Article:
The Palo Verde National Park covers nearly 46,000 acres and is known for its diverse ecology and variety of bird species. A favorite for photographers, Palo Verde is rich in nature, culture and beauty.

Palo Verde is a large park, containing 18,410 hectares or 45,492 acres of territory.  The elevation of the park ranges from sea level to 268 meters or 0 – 879 feet.  It protects tropical dry forest, mangrove, and river habitats.  There are several trails that lead from the station to observation points overlooking the marshland, however, the best way to get around the park is by boat. 

There are many species of wildlife in Palo Verde Park.  Mammals that live here include collared peccaries, deer, coyotes, howler monkeys, capuchin monkeys, pacas, agoutis, tayras, and pumas.  The park is home to many reptiles and amphibians including giant crocodiles, iguanas, whip tail lizards, rattlesnakes, coral snakes and boa constrictors.  Palo Verde is also home to many species of birds, with over 300 species known to inhabit it.  It is recognized as one of the most important wetlands in Central America for migrating waterfowl.  Species that inhabit the park include roseate spoonbill, white ibis, great egrets, wood storks, boat-billed heron, northern jacana, and much more.  In addition there are scarlett macaws, long-tailed manikin, great curassow, and several species of parakeets.

Though Palo Verde is a national park, it is administered by the Organization of Tropical studies.  The park is open daily from 8 AM – 4 PM.  There is a ranger and administration station with public restrooms.  The entrance fee for Palo Verde is $12 per person.  There are basic overnight accommodations which are suitable for field biologists, though most visitors take day trips from hotels in Tamarindo, Flamingo or Papagayo.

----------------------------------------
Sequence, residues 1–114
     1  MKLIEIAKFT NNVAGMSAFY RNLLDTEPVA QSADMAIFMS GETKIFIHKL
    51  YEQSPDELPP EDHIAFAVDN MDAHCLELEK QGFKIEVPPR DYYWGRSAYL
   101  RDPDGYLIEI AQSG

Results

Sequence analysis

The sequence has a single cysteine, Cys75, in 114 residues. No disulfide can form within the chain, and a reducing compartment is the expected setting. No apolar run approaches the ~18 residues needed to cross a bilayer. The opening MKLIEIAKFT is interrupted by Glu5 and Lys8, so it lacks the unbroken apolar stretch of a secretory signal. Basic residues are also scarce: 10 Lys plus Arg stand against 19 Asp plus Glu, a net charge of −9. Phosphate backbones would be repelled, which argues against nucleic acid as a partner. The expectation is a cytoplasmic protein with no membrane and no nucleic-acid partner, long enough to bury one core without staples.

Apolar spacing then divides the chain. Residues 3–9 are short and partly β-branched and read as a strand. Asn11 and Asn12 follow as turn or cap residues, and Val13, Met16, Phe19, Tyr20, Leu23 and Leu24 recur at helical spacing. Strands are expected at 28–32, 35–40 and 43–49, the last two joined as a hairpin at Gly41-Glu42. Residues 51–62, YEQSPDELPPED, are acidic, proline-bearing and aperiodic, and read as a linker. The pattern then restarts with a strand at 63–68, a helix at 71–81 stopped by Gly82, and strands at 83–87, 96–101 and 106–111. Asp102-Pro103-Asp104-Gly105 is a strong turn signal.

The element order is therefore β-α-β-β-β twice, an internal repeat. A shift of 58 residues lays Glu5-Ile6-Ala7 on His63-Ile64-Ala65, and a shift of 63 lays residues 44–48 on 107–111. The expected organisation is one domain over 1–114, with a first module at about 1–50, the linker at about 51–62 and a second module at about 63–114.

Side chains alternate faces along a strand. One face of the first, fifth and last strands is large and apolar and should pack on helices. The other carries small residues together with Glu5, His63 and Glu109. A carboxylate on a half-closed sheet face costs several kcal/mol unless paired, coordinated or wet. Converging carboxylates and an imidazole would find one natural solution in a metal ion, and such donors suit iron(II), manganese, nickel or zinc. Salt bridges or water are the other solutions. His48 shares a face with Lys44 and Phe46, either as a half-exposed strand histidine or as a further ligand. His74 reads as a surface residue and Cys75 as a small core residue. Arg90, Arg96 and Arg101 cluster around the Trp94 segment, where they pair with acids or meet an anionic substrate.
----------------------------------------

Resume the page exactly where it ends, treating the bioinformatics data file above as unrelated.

More about Palo Verde National Park

The easiest and best way to visit Palo Verde is with a tour operator that knows the way.  It will not only be a more enlightening and easier experience, but it will likely cost less in the end as well.  The park is remote and requires driving an hour or so on dirt roads with limited signs.

At a glance

Region: Guanacaste
Closest town: Canas
Size in hectares: 18,410 (45,492 acres)
Year established: 1978
Elevation in meters: sea level to 268 (0 – 879 feet)
Private managed: yes
Government managed: yes
Rangers station: yes
Overnight facilities: yes
Public restrooms: yes
Entrance fee: $12pp
Days: daily
Hours: 08:00 - 16:00
Hiking trails: yes
Boat tours: yes
Average temperature range in Fahrenheit: 70 - 90
Average yearly precipitation in millimeters: 1,600 mm (63 inches)
Habitat: tropical dry forest, mangrove, river

How to get there

From San Jose, take Rt.27 west all the way past Puntarenas until you reach the intersection with Rt.1.  Take Rt. 1 northwest until you reach Bagaces.  Turn left on Rt. 922 and follow the dirt road and signs approximately 19 kilometers until you reach the park.  From there, the administration building is an additional 9 km.

Weather and packing list

Palo Verde is located in the tropical dry forest of Guanacaste, which is one of the hottest and driest climates in Costa Rica.  Day time temperatures often exceed 90 degrees and night time temperatures are normally in the mid-70s.  This area receives an average of 1,600 mm or 63 inches of precipitation annually. The driest months to visit are November through August.

Visitors should pack shorts, tee shirts, appropriate shoes, rain gear, sun block, and insect repellent. Check our Costa Rica packing guide for more information.

Fun Fact: Palo Verde National Park is located in a tropical dry forest.  These forests are considered to be the most endangered ecosystems in the tropics, providing essential habitat to many endangered species of wildife.

Nearby Destinations

Tamarindo75 km
Flamingo Beach88 km
Papagayo Gulf89 km
Liberia94 km
Samara62 km


Latitude: N 10° 21' 7.2"
Longitude: W 85° 18' 28.8"

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